So, in a perfect world, developers have a wide range of options to choose form when creating a new application. In practice, this is not the case and often business standardize around a set of tools that are used across projects. Three factors conspire together. First, the complexity of tools mean that learning them represents a usually significant investment in time. Second, the biggest the number of skilled resources available for a tool makes much easier and cheaper to hire people for your shop. Third, humans have a natural tendency to avoid change and thus once you find something that has a reasonable price and works for you, you tend to keep it forever.

The end result is that usually applications are built using a set of components consistently across the same or many applications. One of the latest category of frameworks that have been consolidated are the persistence frameworks (or engines) Those are a set of classes that make your objects get stored or retrieved from a relational database without you (the programmer) even being aware of all the exchange among the application server and the database.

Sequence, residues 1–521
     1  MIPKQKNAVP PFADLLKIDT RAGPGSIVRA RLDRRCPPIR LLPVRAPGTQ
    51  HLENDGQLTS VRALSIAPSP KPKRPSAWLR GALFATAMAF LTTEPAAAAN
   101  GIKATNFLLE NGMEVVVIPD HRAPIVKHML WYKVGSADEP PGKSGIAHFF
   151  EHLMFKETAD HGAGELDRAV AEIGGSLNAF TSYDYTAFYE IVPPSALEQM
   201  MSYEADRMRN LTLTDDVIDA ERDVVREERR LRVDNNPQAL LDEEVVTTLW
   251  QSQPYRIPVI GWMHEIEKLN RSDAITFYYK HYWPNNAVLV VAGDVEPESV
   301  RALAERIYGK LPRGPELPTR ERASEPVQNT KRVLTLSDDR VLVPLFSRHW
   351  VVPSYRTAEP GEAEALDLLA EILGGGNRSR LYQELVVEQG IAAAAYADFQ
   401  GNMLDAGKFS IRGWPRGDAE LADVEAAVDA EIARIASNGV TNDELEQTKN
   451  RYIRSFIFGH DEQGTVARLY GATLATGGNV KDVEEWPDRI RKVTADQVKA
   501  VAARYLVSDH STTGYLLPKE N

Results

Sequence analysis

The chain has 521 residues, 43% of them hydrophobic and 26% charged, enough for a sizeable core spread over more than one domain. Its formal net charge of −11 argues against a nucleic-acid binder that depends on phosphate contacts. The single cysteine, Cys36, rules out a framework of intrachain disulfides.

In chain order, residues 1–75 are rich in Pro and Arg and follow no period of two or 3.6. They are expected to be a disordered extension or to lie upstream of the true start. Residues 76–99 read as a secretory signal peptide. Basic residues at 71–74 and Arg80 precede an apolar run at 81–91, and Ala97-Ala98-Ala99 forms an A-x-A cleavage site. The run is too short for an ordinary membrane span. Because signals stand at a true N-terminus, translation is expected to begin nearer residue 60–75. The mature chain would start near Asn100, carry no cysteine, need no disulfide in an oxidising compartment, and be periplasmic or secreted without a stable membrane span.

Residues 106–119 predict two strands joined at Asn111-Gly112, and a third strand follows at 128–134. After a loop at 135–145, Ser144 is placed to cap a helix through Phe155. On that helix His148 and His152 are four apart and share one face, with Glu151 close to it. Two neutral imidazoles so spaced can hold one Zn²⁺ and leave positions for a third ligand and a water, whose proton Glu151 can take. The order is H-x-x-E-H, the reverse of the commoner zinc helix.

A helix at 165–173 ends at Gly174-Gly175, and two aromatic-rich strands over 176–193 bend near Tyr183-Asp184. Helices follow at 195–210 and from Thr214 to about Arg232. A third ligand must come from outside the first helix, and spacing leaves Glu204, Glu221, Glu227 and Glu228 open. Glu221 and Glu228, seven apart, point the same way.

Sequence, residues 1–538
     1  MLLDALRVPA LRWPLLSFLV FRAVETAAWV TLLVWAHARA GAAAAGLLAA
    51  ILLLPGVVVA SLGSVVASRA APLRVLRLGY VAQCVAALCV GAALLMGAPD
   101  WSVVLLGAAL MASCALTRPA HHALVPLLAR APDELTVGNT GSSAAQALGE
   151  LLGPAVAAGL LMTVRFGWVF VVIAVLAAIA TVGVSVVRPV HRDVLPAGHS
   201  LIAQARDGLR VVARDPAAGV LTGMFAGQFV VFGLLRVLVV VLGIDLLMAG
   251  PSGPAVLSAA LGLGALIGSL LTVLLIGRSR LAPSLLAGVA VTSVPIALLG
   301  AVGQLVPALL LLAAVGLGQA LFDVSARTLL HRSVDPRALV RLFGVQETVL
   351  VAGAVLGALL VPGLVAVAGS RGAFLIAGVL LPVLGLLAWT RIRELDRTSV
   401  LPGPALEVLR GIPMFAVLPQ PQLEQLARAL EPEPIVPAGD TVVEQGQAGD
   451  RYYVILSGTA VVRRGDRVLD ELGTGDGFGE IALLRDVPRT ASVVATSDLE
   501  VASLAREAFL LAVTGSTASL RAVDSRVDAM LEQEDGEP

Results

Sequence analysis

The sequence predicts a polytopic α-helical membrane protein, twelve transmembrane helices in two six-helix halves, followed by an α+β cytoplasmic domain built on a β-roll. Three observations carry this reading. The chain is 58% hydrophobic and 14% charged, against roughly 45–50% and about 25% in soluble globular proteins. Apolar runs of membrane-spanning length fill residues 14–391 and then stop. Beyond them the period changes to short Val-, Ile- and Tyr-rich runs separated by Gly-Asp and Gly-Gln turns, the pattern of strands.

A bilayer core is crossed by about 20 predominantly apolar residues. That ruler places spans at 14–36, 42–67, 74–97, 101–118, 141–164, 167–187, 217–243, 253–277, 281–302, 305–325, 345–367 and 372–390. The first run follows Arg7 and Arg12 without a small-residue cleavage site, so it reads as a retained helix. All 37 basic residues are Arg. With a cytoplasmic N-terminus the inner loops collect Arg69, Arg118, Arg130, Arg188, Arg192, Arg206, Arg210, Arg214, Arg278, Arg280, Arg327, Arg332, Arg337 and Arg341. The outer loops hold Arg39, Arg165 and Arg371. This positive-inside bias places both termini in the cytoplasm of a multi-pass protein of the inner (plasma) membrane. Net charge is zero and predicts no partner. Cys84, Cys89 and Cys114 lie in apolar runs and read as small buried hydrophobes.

The object-relational impedance mismatch

Wonderful as they are, persistence engines have a problem: they are designed to store objects into relational tables. Objects have methods and data put together, plus (depending on the language) visibility rules. Tables are just tuples of data with relationships defined between them. (Digression: now it's time for me to hide from object/database purists looking to kill me since I've oversimplified concepts tremendously, but for the purpose of this discussion it's enough) Now it's easy to see that somehow in the translation, but suffice to say that the relational model is a subset of the object model, in the sense that everything that can be expressed with tables and relations can be expressed with objects. But not the other way, as you cannot express methods or polymorphism with relational structures.

Notice that there are some Object Databases that do away with the persistence engine and allow you to store and retrieve objects without losing anything on the way back. But, as you've guessed, these are not relational. While these engines someday may enjoy popularity, they are not presently part of the standard tool set in the majority of shops. And that's not likely to change in the near future. So for now we're stuck with relational databases. There have been some attempts, most notably from Oracle, to introduce objects in the relational database. While the technology does have its merits, it has never been very popular and the rest of the major industry players have not followed suit.

The performance compromise: how bad is that?

As always, there is no free lunch. For the persistence engine to work as transparently as possible, there has to be some kind of compromise. You give something, you get something. Since this is a blog about database performance, you are probably expecting me now to tell you how bad is it. Well, surprisingly not too bad. Provided that you use the persistence engine for what is intended to be used.